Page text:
by Renee Hayes

{ } ~ Stormy Daniels’ lawyer was just called out on national television for being a liar… and he’s not too happy about it. Michael Avenatti explained his absence from the Fox News Channel by telling CNN over the weekend that Fox doesn’t “seem to want me on their shows much.” According to Fox host Martha MacCallum, that’s not true. MacCallum who hosts Fox News Channel’s “The Story” made a point to deliver her audience a “program note” to address Avenatti’s claim. “That is not actually the case,” MacCallum said. “In fact, Mr. Avenatti was scheduled to appear on this show tomorrow night. But this morning, he abruptly canceled the interview despite his pledge to appear on Fox News this week. “So, there you go. That is our true story, on that.” she ended…


America’s Unsustainable Empire

by Pat Buchanan

{ } ~ Before President Trump trashes the Iran nuclear deal, he might consider: If he could negotiate an identical deal with Kim Jong Un, it would astonish the world and win him the Nobel Peace Prize.

For Iran has no nuclear bomb or ICBM and has never tested either. It has never enriched uranium to bomb grade. It has shipped 98 percent of its uranium out of the country. It has cameras inside and inspectors crawling all over its nuclear facilities.

And North Korea? It has atom bombs and has tested an H-bomb. It has intermediate range-ballistic missiles that can hit Guam and an ICBM that, fully operational, could hit the West Coast. It has shorter-range missiles that could put nukes on South Korea and Japan.

Hard to believe Kim Jong Un will surrender these weapons, his ticket of admission to the table of great powers.

Yet the White House position is that the Iran nuclear deal should be scrapped, and no deal with Kim Jong Un signed that does not result in the “denuclearization” of the peninsula.

If denuclearization means Kim gives up all his nukes and strategic missiles, ceases testing, and allows inspectors into all his nuclear facilities, we may be waiting a long time.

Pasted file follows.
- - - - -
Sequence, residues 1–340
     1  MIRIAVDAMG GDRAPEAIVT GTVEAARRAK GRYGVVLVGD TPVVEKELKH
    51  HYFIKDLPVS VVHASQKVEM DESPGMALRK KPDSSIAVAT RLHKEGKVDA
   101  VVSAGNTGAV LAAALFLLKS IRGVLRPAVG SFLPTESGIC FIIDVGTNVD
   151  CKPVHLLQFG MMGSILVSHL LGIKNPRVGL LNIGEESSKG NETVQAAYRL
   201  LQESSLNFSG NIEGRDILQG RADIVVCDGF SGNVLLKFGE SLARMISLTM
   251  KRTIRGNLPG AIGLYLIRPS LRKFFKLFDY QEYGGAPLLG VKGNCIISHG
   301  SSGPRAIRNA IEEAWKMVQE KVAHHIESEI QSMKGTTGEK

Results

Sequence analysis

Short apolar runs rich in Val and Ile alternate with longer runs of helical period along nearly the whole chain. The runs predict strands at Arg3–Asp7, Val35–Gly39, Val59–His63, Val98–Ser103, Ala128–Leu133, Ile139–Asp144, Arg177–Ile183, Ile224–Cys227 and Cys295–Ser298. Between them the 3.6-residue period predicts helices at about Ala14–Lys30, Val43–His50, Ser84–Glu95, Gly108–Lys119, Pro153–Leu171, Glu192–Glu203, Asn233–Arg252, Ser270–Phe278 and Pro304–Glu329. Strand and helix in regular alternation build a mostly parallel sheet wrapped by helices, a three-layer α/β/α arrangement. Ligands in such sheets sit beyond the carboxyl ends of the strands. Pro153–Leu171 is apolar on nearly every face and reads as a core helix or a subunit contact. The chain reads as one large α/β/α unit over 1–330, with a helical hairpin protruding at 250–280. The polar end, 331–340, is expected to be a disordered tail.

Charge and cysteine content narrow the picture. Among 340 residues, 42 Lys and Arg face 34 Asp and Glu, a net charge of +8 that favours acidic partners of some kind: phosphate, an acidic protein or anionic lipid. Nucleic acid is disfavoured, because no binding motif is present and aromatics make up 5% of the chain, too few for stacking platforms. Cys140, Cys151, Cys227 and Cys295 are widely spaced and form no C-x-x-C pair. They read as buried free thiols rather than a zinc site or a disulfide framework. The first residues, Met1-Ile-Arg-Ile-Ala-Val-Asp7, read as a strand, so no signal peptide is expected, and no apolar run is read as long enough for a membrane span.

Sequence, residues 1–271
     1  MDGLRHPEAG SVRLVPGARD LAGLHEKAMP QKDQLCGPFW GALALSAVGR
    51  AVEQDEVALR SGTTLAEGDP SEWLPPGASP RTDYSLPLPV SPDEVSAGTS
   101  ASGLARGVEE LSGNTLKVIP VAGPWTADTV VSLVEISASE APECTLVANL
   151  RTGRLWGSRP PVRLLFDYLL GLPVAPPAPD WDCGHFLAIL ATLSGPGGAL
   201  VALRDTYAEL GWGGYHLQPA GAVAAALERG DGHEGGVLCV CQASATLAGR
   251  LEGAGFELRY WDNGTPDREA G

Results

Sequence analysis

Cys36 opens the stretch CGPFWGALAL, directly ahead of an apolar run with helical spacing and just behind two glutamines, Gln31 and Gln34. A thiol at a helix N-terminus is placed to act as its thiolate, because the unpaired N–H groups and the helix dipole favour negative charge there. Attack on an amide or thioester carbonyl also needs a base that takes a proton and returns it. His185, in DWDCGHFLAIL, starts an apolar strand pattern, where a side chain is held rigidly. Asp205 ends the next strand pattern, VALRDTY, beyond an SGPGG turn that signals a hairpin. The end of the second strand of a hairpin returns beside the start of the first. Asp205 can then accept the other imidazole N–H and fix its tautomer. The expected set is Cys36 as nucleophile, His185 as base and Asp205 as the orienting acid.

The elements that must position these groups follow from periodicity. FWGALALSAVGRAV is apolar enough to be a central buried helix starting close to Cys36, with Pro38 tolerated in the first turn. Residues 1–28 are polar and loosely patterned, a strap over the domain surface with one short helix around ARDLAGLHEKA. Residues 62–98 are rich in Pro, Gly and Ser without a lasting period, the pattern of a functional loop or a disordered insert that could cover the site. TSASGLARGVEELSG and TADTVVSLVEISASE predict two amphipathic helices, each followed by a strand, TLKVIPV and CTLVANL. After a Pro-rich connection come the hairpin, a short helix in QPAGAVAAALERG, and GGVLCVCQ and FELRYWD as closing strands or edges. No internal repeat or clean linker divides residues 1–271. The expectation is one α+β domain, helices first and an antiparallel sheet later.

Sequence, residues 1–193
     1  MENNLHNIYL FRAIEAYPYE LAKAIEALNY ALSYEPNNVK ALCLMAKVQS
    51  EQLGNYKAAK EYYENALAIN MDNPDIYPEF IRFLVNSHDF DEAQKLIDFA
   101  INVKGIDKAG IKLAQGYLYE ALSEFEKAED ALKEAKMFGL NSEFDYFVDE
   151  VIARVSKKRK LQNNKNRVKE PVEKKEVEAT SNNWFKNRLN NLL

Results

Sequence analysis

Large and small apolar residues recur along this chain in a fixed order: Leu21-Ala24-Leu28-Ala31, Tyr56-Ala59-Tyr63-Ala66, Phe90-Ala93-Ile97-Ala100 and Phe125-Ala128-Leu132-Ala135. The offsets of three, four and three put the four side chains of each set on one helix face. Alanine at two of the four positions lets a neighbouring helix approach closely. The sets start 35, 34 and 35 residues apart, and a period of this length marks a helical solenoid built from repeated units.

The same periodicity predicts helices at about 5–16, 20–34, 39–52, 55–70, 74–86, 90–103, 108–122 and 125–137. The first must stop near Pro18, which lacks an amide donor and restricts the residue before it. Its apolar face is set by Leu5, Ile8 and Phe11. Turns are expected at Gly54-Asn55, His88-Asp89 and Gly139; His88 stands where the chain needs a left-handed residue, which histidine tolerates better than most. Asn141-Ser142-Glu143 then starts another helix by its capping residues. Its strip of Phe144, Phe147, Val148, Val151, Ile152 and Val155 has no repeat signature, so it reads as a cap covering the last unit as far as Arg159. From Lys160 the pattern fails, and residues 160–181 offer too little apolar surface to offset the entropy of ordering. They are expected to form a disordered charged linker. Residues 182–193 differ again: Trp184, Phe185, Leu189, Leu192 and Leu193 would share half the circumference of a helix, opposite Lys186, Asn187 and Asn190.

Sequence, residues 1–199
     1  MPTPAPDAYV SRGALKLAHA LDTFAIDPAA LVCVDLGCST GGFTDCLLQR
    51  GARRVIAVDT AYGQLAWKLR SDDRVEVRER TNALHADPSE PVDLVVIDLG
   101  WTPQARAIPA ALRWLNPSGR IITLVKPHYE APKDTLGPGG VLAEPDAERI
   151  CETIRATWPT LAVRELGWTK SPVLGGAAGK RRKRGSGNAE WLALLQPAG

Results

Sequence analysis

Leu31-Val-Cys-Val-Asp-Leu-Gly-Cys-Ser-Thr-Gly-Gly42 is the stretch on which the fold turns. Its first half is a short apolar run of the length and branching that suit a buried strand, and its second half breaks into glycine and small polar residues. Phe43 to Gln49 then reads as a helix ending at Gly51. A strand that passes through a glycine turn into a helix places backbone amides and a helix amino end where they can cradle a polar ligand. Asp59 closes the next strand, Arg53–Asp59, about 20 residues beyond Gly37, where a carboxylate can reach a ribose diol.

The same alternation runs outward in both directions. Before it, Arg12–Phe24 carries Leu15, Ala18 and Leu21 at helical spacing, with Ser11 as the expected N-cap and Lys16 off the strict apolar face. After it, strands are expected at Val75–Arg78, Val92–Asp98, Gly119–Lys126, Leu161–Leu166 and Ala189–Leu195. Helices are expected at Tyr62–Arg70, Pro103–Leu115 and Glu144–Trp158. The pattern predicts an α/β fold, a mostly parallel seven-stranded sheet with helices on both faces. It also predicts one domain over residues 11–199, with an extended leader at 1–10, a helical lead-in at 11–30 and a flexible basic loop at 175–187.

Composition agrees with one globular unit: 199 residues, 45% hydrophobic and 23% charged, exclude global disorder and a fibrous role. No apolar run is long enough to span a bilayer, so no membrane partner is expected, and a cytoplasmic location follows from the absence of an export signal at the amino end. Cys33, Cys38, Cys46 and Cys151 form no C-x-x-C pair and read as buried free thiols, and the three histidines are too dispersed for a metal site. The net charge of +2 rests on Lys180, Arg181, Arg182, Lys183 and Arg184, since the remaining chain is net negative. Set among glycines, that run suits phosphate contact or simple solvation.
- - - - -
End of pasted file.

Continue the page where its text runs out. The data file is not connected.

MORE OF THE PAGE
Trump decides on the Iran deal by May 12. And we will likely know what Kim is prepared to do, and not prepared to do, equally soon.

France’s President Emmanuel Macron is in D.C. to persuade Trump not to walk away from the Iran deal and to keep U.S. troops in Syria. Chancellor Angela Merkel will be arriving at week’s end with a similar message.

On the White House front burner then are these options:

Will North Korea agree to surrender its nuclear arsenal, or is it back to confrontation and possible war?

Will we stick with the nuclear deal with Iran, or walk away, issue new demands on Tehran, and prepare for a military clash if rebuffed?

Do we pull U.S. troops out of Syria as Trump promised, or keep U.S. troops there to resist the reconquest of his country by Bashar Assad and his Russian, Iranian, Hezbollah and Shiite allies?

Beyond, the larger question looms: How long can we keep this up?

How long can this country, with its shrinking share of global GDP, sustain its expanding commitments to confront and fight all over the world?

U.S. planes and ships now bump up against Russians in the Baltic and Black seas. We are sending Javelin anti-tank missiles to Kiev, while NATO allies implore us to bring Ukraine and Georgia into the alliance.